Those more “experienced” staff members and professors, and any non-traditional students, should make sure that you know about the Urban Dictionary.  It is a particularly good idea to have it readily available if you have children and you would like to know if they are saying “sure, whatever” in teen-speak or if they are telling you to do something biologically impossible.  Like Wikipedia,  this “ultimate slang dictionary”  is authored by the public so some of the definitions can be coarse and vulgar.  If you are wondering if you really need to subject yourself to some of these words, consider the following: Do you think that PITA is someone with Caps Lock problems writing about  bread or perhaps an animal rights group?  If so, you might want to explore the Urban Dictionary.   While the Urban Dictionary can be very helpful for immediate slang edification, you need to keep in mind that anyone can submit a definition.  Therefore, you might want to read two or three options before using a word.  If you demand more reliability for you slang definition needs, you can consult The Dictionary of American Slang by Robert L. Chapman which is considered to be “the standard printed work for American slang.”

Even two blog posts cannot cover the myriad types of dictionaries available.  In law, there are many topic specific dictionaries for areas such as tax or environmental law.  To see what is available in our library visit Professor Johnson’s research guide  Legal Dictionaries and Thesauri .  There are also picture dictionaries, bilingual dictionaries, dictionaries about cats, chocolate, and brain tumors, and even a dictionary of mountain bike slang; all of which are online.  To view these more unusual dictionaries visit the Free Dictionaries Project or browse the “dictionary” search results on OneLook.  With all the options out there, you are bound to find a dictionary that meets your particular needs.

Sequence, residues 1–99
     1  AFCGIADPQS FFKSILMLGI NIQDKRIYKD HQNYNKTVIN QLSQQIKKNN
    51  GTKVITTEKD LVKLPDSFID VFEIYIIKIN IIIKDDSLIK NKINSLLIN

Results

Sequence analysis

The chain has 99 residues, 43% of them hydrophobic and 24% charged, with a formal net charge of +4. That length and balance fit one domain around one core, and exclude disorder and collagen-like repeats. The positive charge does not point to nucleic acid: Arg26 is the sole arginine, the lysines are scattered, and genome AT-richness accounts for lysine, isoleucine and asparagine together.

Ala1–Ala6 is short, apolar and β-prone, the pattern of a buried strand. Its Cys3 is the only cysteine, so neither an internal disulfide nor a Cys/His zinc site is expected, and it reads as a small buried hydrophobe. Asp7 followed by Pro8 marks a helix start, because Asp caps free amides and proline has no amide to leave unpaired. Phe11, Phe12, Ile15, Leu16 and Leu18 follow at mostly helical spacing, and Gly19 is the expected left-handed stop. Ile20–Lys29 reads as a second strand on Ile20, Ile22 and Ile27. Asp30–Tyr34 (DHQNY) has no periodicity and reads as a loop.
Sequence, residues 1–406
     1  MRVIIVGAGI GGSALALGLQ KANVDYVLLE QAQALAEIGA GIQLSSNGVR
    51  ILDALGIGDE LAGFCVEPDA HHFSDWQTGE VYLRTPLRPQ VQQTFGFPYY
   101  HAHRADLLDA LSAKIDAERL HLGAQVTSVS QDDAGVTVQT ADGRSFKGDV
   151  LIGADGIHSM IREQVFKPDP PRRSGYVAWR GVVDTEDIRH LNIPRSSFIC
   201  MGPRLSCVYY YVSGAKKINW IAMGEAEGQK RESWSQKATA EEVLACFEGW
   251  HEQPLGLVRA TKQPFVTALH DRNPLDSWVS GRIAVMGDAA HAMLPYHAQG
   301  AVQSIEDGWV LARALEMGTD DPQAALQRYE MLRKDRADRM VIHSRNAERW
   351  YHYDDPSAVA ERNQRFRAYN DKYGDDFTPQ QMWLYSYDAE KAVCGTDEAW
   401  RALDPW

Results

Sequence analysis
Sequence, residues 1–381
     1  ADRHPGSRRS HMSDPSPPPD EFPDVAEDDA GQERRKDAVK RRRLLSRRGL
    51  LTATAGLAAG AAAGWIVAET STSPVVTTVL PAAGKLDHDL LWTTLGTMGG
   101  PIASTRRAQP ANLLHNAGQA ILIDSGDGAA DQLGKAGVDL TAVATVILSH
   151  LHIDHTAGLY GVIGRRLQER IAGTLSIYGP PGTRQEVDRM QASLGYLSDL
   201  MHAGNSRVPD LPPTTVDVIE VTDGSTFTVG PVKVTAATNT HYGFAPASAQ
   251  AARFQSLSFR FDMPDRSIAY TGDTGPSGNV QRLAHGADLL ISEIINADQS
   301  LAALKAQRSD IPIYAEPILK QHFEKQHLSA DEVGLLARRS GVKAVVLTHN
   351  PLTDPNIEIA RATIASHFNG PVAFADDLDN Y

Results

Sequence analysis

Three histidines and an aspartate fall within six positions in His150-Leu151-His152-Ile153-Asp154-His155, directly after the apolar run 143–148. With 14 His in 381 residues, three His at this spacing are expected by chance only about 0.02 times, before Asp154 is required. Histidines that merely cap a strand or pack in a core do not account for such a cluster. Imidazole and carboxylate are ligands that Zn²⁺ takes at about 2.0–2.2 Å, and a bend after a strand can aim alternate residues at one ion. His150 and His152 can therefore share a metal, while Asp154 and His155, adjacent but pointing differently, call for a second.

* Two words that were not include in the article, GTL (did not make the cut) and green-collar (now an official word).

Dictionary Fun for the Word Nerd: Everybody Researches

August 8, 2011 Leave a comment

If you watch legal shows on television, you would think that lawyers spend their time either arguing with other lawyers in court or chasing after attractive co-workers in the office.  Even if you are only starting out in law school, you know better than this.  While there are certainly exciting and satisfying courtroom moments, the majority of your time, particularly as a new associate, is likely to be spent in writing, reviewing documents, and RESEARCHING.  Lawyers in big firms research, solo practitioners research, corporate counsel and law clerks research.  Because legal research is such a universal theme to the practice of law, The Demon’s Advocate will be featuring at least one post per month on new or unusual ways to conduct legal research, or about legal research materials.